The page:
Extracellular Matrix: Pathobiology and Signaling
Ed. by Nikos Karamanos,
- Comprehensive treatment of the extracellular matrix with special focus on matrix pathobiology and cell molecular biology
- Role of the extracellular matrix in health and disease with outlook for biotechnological and pharmacological applications
- High quality color illustrations
Over the last decades cell biology and biological chemistry have increasingly turned their attention to the space between cells and revealed an elaborate network of macromolecules essential for structural support, cell adhesion and signaling. This comprehensive handbook of the extracellular matrix will give an overview of the current state of knowledge of matrix components (structure and function), their role in heath and disease (matrix pathobiology) and new aspects related to pharmacological targeting.
It will provide an introduction to the extracellular matrix and detailed sections and chapters on:
- Importance of extracellular matrix in health and disease
- Matrix proteoglycans (aggrecan, versican, perlecan, SLRPs, syndecans, glypicans, serglycin)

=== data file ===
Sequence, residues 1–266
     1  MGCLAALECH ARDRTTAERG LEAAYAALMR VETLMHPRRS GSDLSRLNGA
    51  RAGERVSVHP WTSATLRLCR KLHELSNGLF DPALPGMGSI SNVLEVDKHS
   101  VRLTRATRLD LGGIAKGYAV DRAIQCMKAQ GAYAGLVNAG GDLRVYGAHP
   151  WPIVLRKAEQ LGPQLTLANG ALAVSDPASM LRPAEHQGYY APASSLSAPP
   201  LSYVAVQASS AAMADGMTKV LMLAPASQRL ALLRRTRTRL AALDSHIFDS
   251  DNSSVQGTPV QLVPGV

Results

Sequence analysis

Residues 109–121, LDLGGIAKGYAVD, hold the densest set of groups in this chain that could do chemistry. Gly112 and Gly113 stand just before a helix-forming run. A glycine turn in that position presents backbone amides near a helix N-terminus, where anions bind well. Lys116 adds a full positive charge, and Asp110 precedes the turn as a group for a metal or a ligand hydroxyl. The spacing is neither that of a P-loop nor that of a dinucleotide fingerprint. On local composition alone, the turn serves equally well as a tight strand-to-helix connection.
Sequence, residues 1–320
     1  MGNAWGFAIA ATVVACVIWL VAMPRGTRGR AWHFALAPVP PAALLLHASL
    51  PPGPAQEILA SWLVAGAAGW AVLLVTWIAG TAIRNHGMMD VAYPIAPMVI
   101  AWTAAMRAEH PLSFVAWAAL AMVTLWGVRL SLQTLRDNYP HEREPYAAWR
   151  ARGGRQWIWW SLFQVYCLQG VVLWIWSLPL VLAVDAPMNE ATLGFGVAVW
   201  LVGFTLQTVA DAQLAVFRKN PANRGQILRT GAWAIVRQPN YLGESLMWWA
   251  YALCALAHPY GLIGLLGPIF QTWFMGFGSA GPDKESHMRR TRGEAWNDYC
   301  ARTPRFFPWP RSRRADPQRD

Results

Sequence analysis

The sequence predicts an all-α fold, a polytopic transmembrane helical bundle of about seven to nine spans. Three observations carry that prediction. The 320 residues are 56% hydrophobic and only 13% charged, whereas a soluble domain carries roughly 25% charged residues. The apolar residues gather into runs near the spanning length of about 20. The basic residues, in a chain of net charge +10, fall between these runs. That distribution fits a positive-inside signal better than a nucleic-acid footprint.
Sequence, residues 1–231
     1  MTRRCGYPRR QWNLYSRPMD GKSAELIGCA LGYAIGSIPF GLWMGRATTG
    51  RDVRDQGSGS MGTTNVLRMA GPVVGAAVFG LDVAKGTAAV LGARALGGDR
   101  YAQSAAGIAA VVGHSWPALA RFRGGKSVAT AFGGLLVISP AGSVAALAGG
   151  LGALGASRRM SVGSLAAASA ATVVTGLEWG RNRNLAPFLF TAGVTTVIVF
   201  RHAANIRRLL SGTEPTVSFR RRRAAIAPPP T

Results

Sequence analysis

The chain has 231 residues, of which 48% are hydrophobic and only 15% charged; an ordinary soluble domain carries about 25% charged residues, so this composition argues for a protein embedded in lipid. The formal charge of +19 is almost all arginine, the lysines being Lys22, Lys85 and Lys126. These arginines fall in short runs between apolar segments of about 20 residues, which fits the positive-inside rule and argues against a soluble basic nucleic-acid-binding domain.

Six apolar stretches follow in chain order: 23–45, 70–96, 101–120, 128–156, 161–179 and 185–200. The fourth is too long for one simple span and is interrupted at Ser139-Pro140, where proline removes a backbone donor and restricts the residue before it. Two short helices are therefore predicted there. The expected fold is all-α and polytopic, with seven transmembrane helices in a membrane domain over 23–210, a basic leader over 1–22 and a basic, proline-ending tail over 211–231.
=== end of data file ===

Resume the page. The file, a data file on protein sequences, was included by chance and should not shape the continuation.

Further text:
- Matrix proteinases (remodeling, would healing, regulatory roles in health and disease, metalloproteinases, cystein proteases, plasmin and plasminogen activator system)
- Glycobiology (hyaluronan and sulfated glycosaminoglycans in cancer, inflammation and metabolic control)
- Collagens (supramolecular assembly, proteins binding collagen, scaffolds, bacterial and mutated collagens, procollagen proteinases)
- Cell surface receptors (integrins, syndecans, mechanical strain and TGFb, CD44 and DDR).
- Biotechnological and pharmacological outlook (matrix regulation by growth factors, hyaluronidases, pathobiology, disease targeting, delivery systems, EMT and proteomics).
"The book Extracellular Matrix: Pathobiology and Signaling provides a comprehensive and up to date collection of very relevant topics for understanding the various facets of extracellular matrix and its interactions with cells in normal tissue as well as in disease. It represents the current front-line and will serve as a reference for extracellular matrix and posttranslational modifications."
Dick Heinegård, Department of Clinical Sciences Lund, Section Rheumatology, Lund University, Sweden